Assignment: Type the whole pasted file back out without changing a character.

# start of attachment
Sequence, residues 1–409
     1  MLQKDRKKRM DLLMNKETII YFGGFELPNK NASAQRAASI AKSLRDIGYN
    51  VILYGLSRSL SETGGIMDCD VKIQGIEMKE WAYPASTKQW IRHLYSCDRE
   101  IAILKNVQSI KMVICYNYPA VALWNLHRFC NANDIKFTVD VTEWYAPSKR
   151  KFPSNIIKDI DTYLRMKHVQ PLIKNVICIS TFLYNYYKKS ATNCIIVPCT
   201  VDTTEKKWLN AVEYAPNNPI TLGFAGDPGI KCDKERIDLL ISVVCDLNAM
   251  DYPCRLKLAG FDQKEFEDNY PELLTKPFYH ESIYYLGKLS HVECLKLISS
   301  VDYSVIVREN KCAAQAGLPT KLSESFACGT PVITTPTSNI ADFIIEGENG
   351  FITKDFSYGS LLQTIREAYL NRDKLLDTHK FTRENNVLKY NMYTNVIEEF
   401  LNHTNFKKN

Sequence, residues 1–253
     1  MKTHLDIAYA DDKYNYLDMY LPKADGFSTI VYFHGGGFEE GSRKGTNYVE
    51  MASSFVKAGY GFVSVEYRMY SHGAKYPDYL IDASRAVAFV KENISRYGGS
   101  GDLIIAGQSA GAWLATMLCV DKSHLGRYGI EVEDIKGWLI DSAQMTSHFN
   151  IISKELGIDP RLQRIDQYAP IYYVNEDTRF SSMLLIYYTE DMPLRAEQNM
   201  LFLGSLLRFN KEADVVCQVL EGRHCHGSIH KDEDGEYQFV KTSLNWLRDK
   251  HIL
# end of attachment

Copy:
Sequence, residues 1–409
     1  MLQKDRKKRM DLLMNKETII YFGGFELPNK NASAQRAASI AKSLRDIGYN
    51  VILYGLSRSL SETGGIMDCD VKIQGIEMKE WAYPASTKQW IRHLYSCDRE
   101  IAILKNVQSI KMVICYNYPA VALWNLHRFC NANDIKFTVD VTEWYAPSKR
   151  KFPSNIIKDI DTYLRMKHVQ PLIKNVICIS TFLYNYYKKS ATNCIIVPCT
   201  VDTTEKKWLN AVEYAPNNPI TLGFAGDPGI KCDKERIDLL ISVVCDLNAM
   251  DYPCRLKLAG FDQKEFEDNY PELLTKPFYH ESIYYLGKLS HVECLKLISS
   301  VDYSVIVREN KCAAQAGLPT KLSESFACGT PVITTPTSNI ADFIIEGENG
   351  FITKDFSYGS LLQTIREAYL NRDKLLDTHK FTRENNVLKY NMYTNVIEEF
   401  LNHTNFKKN

Sequence, residues 1–253
     1  MKTHLDIAYA DDKYNYLDMY LPKADGFSTI VYFHGGGFEE GSRKGTNYVE
    51  MASSFVKAGY GFVSVEYRMY SHGAKYPDYL IDASRAVAFV KENISRYGGS
   101  GDLIIAGQSA GAWLATMLCV DKSHLGRYGI EVEDIKGWLI DSAQMTSHFN
   151  IISKELGIDP RLQRIDQYAP IYYVNEDTRF SSMLLIYYTE DMPLRAEQNM
   201  LFLGSLLRFN KEADVVCQVL EGRHCHGSIH KDEDGEYQFV KTSLNWLRDK
   251  HIL